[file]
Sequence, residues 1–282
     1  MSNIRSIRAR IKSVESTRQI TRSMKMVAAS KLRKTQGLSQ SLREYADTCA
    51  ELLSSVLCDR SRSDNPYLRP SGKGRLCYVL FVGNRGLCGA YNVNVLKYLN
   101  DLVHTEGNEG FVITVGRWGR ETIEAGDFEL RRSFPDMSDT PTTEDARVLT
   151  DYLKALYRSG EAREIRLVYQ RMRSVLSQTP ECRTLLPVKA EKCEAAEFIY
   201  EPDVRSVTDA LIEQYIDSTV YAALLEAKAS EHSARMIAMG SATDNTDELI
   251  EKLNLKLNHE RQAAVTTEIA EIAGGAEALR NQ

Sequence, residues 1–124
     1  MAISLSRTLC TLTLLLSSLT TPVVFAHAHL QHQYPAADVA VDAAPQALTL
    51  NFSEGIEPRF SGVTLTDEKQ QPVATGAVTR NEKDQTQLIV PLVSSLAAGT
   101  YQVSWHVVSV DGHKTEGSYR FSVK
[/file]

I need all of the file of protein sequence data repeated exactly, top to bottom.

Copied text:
Sequence, residues 1–282
     1  MSNIRSIRAR IKSVESTRQI TRSMKMVAAS KLRKTQGLSQ SLREYADTCA
    51  ELLSSVLCDR SRSDNPYLRP SGKGRLCYVL FVGNRGLCGA YNVNVLKYLN
   101  DLVHTEGNEG FVITVGRWGR ETIEAGDFEL RRSFPDMSDT PTTEDARVLT
   151  DYLKALYRSG EAREIRLVYQ RMRSVLSQTP ECRTLLPVKA EKCEAAEFIY
   201  EPDVRSVTDA LIEQYIDSTV YAALLEAKAS EHSARMIAMG SATDNTDELI
   251  EKLNLKLNHE RQAAVTTEIA EIAGGAEALR NQ

Sequence, residues 1–124
     1  MAISLSRTLC TLTLLLSSLT TPVVFAHAHL QHQYPAADVA VDAAPQALTL
    51  NFSEGIEPRF SGVTLTDEKQ QPVATGAVTR NEKDQTQLIV PLVSSLAAGT
   101  YQVSWHVVSV DGHKTEGSYR FSVK